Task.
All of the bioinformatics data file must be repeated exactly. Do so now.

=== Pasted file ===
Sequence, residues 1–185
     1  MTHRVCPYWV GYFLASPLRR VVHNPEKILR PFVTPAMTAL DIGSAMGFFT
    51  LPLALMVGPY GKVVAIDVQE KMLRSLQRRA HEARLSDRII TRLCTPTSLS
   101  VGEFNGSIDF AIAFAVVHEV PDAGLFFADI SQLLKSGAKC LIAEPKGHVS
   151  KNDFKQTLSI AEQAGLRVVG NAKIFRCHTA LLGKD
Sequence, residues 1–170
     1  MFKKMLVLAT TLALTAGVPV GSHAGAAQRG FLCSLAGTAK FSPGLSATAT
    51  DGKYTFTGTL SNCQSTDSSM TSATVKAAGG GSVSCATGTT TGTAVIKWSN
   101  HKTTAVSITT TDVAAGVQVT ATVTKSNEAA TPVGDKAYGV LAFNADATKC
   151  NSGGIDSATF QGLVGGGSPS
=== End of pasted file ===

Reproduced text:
Sequence, residues 1–185
     1  MTHRVCPYWV GYFLASPLRR VVHNPEKILR PFVTPAMTAL DIGSAMGFFT
    51  LPLALMVGPY GKVVAIDVQE KMLRSLQRRA HEARLSDRII TRLCTPTSLS
   101  VGEFNGSIDF AIAFAVVHEV PDAGLFFADI SQLLKSGAKC LIAEPKGHVS
   151  KNDFKQTLSI AEQAGLRVVG NAKIFRCHTA LLGKD
Sequence, residues 1–170
     1  MFKKMLVLAT TLALTAGVPV GSHAGAAQRG FLCSLAGTAK FSPGLSATAT
    51  DGKYTFTGTL SNCQSTDSSM TSATVKAAGG GSVSCATGTT TGTAVIKWSN
   101  HKTTAVSITT TDVAAGVQVT ATVTKSNEAA TPVGDKAYGV LAFNADATKC
   151  NSGGIDSATF QGLVGGGSPS